How the Latest FBI Hillary Clinton Email Server Investigation Unfolded

A review of what happened when.

ByABC News
October 31, 2016, 3:54 PM

— -- Though the saga of Hillary Clinton’s private email server started years ago when she was secretary of state, the latest twist in the saga on Friday sent shockwaves through the political sphere.

Since then, there has been a scramble to determine who knows what and when they knew.

Here is a rundown of what has happened and when the chain of events started.

Weeks Ago

Federal authorities looking into a case involving former Rep. Anthony Weiner first discovered the emails potentially related to the Clinton probe weeks ago, according to a law enforcement source familiar with the matter. The process that followed was a complicated one, with lots of back and forth over how to handle the situation and whether the FBI needed to get a warrant in order to review the newly-discovered emails.

PHOTO: Then-New York mayoral candidate Anthony Weiner speaks during a news conference alongside his wife Huma Abedin in New York, July 23, 2013.
Then-New York mayoral candidate Anthony Weiner speaks during a news conference alongside his wife Huma Abedin in New York, July 23, 2013.

No further details about how many weeks ago this search started have been revealed.

News of Weiner’s alleged texting with a 15-year-old girl was first reported by The Daily Mail on Sept. 21. It remains unknown whether the FBI investigation into his conduct started before or after the news became public.

Thursday, Oct. 27

The Clinton email investigators put together a summary of the situation and presented it all to FBI Director James Comey on Thursday, after which he agreed that the Clinton email investigators should seek a warrant to review the newly-discovered emails, a law enforcement source familiar with the matter.

It remains unclear why it took weeks for Comey to be informed of the newly discovered emails.

Friday, Oct. 28

In the early afternoon on Friday, 11 days before the election, Comey sent a letter to eight congressional leaders.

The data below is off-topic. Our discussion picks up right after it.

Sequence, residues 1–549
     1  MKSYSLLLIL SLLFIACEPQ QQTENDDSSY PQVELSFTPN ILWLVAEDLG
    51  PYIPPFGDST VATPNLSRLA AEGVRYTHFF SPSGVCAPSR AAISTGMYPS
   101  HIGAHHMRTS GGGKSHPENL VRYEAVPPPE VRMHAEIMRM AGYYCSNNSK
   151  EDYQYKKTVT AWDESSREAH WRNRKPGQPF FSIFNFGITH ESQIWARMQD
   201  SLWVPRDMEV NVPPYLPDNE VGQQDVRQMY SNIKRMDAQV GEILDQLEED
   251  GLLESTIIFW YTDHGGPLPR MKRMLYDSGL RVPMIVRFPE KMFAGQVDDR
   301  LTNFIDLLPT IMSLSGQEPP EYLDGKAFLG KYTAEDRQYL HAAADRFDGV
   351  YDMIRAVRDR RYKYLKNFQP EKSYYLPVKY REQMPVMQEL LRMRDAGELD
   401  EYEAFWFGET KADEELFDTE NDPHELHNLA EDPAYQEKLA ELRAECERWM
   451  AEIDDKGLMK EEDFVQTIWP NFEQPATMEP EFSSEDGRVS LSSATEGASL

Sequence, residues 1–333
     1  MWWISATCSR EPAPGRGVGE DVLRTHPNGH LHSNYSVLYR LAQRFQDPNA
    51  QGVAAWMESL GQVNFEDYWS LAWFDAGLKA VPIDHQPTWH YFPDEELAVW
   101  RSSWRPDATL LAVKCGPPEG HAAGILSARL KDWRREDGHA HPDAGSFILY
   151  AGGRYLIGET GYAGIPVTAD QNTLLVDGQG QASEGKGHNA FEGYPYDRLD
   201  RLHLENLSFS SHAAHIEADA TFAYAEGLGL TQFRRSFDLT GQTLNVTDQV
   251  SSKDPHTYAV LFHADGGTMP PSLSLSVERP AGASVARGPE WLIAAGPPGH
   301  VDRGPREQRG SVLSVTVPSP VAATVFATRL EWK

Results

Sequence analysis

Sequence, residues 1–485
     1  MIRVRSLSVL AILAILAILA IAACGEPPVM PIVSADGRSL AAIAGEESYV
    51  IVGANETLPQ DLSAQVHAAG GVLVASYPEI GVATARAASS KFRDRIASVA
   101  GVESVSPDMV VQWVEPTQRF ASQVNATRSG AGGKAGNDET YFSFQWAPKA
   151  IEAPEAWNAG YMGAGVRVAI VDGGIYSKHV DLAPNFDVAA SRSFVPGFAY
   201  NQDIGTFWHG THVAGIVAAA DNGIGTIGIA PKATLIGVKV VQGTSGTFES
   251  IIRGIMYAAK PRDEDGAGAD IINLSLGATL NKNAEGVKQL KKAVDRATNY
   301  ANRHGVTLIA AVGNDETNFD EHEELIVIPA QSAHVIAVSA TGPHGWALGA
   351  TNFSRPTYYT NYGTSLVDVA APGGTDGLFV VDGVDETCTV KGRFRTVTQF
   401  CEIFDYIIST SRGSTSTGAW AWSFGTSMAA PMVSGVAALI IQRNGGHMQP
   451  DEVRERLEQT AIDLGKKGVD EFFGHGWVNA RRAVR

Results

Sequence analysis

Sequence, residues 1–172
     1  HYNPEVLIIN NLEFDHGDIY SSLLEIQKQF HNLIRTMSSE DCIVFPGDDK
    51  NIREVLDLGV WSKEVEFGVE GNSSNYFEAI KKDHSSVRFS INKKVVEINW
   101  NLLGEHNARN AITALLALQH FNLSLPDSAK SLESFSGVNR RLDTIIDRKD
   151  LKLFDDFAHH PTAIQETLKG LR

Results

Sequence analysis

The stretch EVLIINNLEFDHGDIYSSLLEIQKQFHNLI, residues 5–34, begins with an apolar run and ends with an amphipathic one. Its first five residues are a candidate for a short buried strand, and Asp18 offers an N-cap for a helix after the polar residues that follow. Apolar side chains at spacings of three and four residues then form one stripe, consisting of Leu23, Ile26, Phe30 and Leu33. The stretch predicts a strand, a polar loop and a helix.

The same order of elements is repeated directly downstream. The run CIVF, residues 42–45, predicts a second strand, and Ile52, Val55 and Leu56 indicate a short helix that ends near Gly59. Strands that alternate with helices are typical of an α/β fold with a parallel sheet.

"In connection with an unrelated case, the FBI has learned of the existence of emails that appear to be pertinent to the investigation," Comey wrote in the letter.

"Although the FBI cannot yet assess whether or not this material may be significant, and I cannot predict how long it will take us to complete this additional work, I believe it is important to update your Committees about our efforts in light of my previous testimony," reads the letter to the leaders of various congressional committees.

Congressional sources told ABC News the letter from Comey came as a complete surprise.

White House Deputy Press Secretary Eric Schultz told reporters aboard Air Force One on Friday, “I don’t think anything has surfaced to change the president’s views and opinion of Secretary Clinton.”

A few hours after the initial release of the letter, multiple sources told ABC News that the emails came from a separate federal investigation of former Rep. Anthony Weiner. Federal prosecutors have been looking at whether Weiner sent an explicit text message to an underage girl in North Carolina.

In the course of that investigation, emails were discovered on at least one device used by Weiner and his wife, Clinton aide Huma Abedin. She was among the handful of people that had an email address on Clinton’s private email server.

On Friday evening, Comey sent a letter to FBI employees in an apparent act of clarification.